What If Positive Reinforcement Provokes Challenging Behavior? (page 2)
With some children, positive reinforcement seems to have exactly the opposite effect from what you expect. At the first kind word, they throw games on the floor or kick the nearest person. Why do children react this way? One reason is that your style or choice of reinforcement may not suit that particular child. Perhaps your positive attention is too intense and the child’s neurological or sensory system can’t handle it. In that case, you need to tone it down. If the child is old enough, you could ask him what kind of feedback he’d prefer (Andersen, 2000). If another teacher has more success with this child, watch her, talk to her about what she does, and try it. Ask yourself, “What would Louise do in this situation?”
But the most likely explanation is that the child rarely receives positive attention, and it scares and worries him. When he punches the child beside him, he knows exactly what to expect from the people around him and he’s far more comfortable. Children like this eventually become used to criticism from adults and rejection from their peers, and they begin to believe that they deserve this treatment. Convinced that they’re bad, they dedicate themselves to proving it. Their motto seems to be, “If you think that I’m bad, why should I be good?” If their negative self-image is too strong, they will try to get you to treat them the way everyone else does—negatively—because in their own eyes they couldn’t possibly be worthy of your positive attention (Giuliani, 1997; Milne-Smith, 1995). This state of affairs severely damages their self-esteem and makes it difficult for them to succeed in the future.
When a child has so much trouble with positive reinforcement, it is tempting to conclude that it is the last thing he needs. But such children need more encouragement, not less. So what can you do? Combating the child’s negative view of himself takes commitment, patience, and perseverance. It requires you to trust, respect, and care for the child so that he can learn to trust, respect, and care for himself. It’s important to believe in the child’s ability to succeed, to look for what he can do instead of what he can’t do. If you expect him to hurt others, that’s what he will do. But if you believe that he can learn to make friends, enjoy circle time, finish the assignment, wait his turn, his potential for success will increase. Your confidence in him can’t guarantee it, but it will help.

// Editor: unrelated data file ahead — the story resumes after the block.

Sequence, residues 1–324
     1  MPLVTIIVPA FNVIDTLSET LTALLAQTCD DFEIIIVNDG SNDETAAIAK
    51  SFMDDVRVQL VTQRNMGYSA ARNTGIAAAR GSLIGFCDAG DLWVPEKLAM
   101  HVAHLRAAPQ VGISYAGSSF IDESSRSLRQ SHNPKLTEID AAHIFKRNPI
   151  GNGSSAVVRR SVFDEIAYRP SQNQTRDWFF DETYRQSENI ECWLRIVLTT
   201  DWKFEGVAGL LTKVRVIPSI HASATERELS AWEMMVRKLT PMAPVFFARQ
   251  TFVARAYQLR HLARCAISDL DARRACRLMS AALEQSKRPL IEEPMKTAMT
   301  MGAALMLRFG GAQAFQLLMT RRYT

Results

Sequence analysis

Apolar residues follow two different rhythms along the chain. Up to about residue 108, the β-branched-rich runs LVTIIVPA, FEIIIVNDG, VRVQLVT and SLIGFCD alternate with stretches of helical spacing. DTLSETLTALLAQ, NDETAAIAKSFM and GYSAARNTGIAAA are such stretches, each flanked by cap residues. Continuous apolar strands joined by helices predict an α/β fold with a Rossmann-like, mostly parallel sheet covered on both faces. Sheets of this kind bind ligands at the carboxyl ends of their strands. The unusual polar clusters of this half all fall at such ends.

Give the child lots of nonverbal positive reinforcement, showing your affection and your belief in him in your body language, tone of voice, and behavior. Watch carefully to see what he likes, what he’s good at, what works as a reinforcer for him. Each day find opportunities to offer him activities you know he enjoys, books he can read successfully, games that entice him to cooperate. Notice and create positive moments with him, playing at something he chooses himself, letting him direct the play, and telling him that you like talking and playing with him. Include other children when you can. Gradually you will increase his comfort zone and accustom him to feeling better about himself and less anxious when he is behaving appropriately.
© ______ 2007, Merrill, an imprint of Pearson Education Inc. Used by permission. All rights reserved. The reproduction, duplication, or distribution of this material by any means including but not limited to email and blogs is strictly prohibited without the explicit permission of the publisher.
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